In response to the 114,000 signature petition speaking out against the brand new law against unlocking cell phones, the White House said it thinks the law against using a phone on a different carrier is stupid, too, but where do we go from here? "The White House agrees with the 114,000+ of you who believe that consumers should be able to unlock their cell phones without risking criminal or other penalties. In fact, we believe the same principle should also apply to tablets, which are increasingly similar to smart phones," writes Senior Advisor for Internet, Innovation, & Privacy David Edelman. But just because the White House has said it agrees with the masses, that doesn't reverse the legislation. So, what will?
Edelman outlines a few possibilities that the Obama administration would support, including "narrow legislative fixes in the telecommunications space that make it clear: neither criminal law nor technological locks should prevent consumers from switching carriers when they are no longer bound by a service agreement or other obligation." The whole reason cell phone jailbreaking became illegal in the first place is because of vague legislation. The Digital Millennium Copyright Act outlaws technologies that bypass copyright protections, a ruling meant to prohibit piracy and protect creative works. But in practice is used by corporations to kill competition, as the Electronic Frontiers Foundation has pointed out. In order to further clarify, the DMCA leaves the choice of to the Libraries of Congress, which makes an exemption list. Up until this year, cell phone unlocking was on that list. Ergo, clarifying the language of the DMCA could help in this situation.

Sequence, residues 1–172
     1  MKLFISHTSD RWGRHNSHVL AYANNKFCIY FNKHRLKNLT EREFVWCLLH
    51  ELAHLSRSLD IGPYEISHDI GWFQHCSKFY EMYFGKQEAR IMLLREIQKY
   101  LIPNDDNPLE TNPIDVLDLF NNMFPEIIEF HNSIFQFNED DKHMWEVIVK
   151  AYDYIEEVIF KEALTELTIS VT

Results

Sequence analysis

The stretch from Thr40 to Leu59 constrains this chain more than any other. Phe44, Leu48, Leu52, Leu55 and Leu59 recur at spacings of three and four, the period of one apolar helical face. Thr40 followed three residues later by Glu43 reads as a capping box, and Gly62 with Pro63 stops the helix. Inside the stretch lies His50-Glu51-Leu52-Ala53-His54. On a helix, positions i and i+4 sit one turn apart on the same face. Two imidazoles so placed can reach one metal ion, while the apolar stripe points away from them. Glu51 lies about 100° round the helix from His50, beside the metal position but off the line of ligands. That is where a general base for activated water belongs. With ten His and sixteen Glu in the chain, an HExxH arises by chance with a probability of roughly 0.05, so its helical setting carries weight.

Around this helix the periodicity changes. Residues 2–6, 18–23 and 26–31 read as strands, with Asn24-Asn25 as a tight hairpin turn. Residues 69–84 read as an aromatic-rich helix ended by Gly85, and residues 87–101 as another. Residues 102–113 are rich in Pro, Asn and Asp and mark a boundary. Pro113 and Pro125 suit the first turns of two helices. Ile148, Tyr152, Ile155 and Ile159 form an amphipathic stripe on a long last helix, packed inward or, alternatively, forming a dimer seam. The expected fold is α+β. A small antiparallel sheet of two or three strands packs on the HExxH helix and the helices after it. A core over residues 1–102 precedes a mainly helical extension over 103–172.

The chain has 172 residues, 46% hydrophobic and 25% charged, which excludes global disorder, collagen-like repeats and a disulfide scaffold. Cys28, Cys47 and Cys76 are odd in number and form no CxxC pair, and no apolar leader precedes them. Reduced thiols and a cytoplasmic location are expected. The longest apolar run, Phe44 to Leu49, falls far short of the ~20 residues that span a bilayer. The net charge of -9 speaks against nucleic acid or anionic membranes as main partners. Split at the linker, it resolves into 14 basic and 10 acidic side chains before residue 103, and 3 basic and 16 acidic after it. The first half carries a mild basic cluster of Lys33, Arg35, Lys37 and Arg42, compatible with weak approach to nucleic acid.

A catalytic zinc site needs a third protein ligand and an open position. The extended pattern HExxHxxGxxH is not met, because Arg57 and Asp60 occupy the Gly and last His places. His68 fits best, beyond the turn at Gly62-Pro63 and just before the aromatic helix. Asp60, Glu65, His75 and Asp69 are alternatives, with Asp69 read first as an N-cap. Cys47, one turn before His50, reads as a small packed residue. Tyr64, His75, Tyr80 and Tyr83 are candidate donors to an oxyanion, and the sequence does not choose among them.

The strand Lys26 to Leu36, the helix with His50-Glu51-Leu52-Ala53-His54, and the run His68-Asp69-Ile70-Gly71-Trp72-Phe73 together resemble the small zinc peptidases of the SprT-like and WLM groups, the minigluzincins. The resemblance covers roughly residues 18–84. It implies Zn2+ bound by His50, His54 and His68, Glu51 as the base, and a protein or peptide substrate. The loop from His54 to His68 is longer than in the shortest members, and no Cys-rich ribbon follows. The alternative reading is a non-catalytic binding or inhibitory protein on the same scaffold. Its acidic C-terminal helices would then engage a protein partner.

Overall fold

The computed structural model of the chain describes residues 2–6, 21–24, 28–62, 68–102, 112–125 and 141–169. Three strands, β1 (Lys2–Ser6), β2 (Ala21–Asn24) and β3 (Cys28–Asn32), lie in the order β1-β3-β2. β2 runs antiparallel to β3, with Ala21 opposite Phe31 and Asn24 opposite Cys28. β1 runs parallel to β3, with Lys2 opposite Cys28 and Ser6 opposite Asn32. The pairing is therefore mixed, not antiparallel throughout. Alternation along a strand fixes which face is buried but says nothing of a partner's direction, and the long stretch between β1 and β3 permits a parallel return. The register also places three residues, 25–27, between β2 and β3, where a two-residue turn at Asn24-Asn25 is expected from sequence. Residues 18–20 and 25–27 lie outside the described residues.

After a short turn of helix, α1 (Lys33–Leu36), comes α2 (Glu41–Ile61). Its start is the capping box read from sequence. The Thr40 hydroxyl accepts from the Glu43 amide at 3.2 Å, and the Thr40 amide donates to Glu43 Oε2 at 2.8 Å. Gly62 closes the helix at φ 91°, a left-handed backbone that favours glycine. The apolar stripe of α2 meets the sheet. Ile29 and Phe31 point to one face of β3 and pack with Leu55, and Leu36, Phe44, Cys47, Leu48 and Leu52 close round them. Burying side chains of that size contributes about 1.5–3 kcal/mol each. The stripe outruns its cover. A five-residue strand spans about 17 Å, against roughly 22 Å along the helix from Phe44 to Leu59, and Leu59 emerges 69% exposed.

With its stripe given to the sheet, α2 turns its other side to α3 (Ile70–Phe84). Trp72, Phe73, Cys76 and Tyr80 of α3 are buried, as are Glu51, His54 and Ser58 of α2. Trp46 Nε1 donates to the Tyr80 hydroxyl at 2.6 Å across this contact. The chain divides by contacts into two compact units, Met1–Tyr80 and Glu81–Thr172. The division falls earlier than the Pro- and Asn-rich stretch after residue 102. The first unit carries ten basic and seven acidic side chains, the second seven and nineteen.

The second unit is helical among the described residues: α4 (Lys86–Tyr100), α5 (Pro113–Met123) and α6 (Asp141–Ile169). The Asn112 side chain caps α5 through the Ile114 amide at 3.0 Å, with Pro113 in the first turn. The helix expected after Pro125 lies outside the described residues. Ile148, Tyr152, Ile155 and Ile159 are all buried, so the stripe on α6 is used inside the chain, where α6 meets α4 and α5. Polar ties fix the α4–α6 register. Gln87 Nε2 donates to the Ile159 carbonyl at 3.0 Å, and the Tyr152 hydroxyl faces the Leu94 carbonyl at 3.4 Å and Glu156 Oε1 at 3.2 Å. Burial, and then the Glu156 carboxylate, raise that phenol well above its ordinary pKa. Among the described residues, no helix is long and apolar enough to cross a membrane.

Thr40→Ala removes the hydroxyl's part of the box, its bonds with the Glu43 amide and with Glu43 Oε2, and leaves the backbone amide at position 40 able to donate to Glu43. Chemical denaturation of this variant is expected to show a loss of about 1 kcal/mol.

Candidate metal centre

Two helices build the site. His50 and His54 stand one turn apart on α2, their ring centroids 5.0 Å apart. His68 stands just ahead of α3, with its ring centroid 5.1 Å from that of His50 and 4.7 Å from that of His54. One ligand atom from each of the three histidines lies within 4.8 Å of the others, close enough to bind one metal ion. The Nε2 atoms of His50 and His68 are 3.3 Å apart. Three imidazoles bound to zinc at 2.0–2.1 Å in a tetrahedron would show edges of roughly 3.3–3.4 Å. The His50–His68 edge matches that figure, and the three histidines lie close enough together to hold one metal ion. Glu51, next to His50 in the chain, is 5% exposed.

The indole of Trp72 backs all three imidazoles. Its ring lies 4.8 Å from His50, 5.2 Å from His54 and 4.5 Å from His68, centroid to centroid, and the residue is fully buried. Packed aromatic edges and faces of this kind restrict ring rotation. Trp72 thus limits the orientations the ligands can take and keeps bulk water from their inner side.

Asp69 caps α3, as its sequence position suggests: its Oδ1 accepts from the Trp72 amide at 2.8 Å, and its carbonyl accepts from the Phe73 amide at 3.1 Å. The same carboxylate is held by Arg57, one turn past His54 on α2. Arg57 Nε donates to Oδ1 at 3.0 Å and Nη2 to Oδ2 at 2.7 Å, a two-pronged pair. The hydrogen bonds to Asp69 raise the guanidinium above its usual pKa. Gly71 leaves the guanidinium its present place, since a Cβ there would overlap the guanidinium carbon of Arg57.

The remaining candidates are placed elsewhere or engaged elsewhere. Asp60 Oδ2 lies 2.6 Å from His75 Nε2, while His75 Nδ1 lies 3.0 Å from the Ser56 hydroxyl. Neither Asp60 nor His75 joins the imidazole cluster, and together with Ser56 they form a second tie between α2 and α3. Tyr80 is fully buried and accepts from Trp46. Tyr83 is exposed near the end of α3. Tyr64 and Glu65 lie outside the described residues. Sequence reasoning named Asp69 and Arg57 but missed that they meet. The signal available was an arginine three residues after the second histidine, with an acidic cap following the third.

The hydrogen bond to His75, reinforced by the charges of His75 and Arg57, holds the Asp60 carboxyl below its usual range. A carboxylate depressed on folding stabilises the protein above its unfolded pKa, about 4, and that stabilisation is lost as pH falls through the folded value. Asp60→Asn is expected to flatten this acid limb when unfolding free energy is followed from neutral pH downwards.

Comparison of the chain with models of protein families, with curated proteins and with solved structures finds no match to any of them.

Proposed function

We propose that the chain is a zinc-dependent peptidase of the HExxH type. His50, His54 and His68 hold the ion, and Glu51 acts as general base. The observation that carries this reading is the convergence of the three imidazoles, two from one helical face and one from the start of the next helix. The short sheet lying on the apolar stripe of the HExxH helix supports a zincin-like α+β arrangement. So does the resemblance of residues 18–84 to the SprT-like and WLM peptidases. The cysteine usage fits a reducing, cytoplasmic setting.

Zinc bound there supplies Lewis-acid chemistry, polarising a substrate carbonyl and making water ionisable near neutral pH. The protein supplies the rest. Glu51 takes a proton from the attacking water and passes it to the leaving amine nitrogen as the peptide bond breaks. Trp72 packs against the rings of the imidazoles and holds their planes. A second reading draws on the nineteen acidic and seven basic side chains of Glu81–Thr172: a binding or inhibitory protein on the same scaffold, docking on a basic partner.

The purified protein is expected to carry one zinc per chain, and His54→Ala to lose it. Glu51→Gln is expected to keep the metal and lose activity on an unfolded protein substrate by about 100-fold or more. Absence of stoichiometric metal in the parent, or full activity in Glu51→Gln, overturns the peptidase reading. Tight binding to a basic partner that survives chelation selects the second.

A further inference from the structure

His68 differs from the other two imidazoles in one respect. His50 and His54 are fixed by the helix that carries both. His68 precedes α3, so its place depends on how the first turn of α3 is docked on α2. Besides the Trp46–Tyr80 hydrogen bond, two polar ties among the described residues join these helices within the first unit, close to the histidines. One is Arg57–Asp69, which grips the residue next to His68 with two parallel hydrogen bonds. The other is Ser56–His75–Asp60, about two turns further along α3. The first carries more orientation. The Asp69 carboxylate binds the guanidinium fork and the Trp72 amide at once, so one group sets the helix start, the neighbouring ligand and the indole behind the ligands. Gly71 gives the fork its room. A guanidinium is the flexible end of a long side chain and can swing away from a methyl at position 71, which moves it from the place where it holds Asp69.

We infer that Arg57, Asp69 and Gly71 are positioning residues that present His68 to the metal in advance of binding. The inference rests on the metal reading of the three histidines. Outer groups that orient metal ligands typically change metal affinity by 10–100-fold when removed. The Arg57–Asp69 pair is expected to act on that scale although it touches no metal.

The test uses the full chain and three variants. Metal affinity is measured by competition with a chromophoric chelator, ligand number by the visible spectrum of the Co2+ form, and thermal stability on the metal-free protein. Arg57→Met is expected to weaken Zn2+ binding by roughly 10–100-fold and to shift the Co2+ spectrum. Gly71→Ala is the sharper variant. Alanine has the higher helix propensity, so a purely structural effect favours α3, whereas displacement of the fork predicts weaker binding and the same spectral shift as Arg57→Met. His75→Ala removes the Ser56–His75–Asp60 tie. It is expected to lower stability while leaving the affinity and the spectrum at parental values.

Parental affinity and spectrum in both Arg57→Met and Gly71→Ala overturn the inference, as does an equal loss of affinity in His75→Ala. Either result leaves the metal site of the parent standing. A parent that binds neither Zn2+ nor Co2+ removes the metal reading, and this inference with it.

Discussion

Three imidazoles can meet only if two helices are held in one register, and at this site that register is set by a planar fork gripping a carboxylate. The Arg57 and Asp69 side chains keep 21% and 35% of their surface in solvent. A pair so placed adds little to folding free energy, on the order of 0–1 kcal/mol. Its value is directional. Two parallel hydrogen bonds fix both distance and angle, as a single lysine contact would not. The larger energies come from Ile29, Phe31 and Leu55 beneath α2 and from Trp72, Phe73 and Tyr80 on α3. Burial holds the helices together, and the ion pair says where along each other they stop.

Taking unlocked cell phones off the list, however, was a conscious decision by the Libraries of Congress, which decided these phones no longer fell under fair use. The good news is, today the Libraries of Congress also agreed to review its initial ruling. "We also agree with the administration that the question of locked cell phones has implications for telecommunications policy and that it would benefit from review and resolution in that context," writes LOC in a statement. In addition, the Federal Communications Commission, according to a statement, will work with the National Telecommunications and Information Administration to look at the broader policy:
From a communications policy perspective, this raises serious competition and innovation concerns, and for wireless consumers, it doesn't pass the common sense test. The FCC is examining this issue, looking into whether the agency, wireless providers, or others should take action to preserve consumers' ability to unlock their mobile phones. I also encourage Congress to take a close look and consider a legislative solution
This article is from the archive of our partner The Wire.
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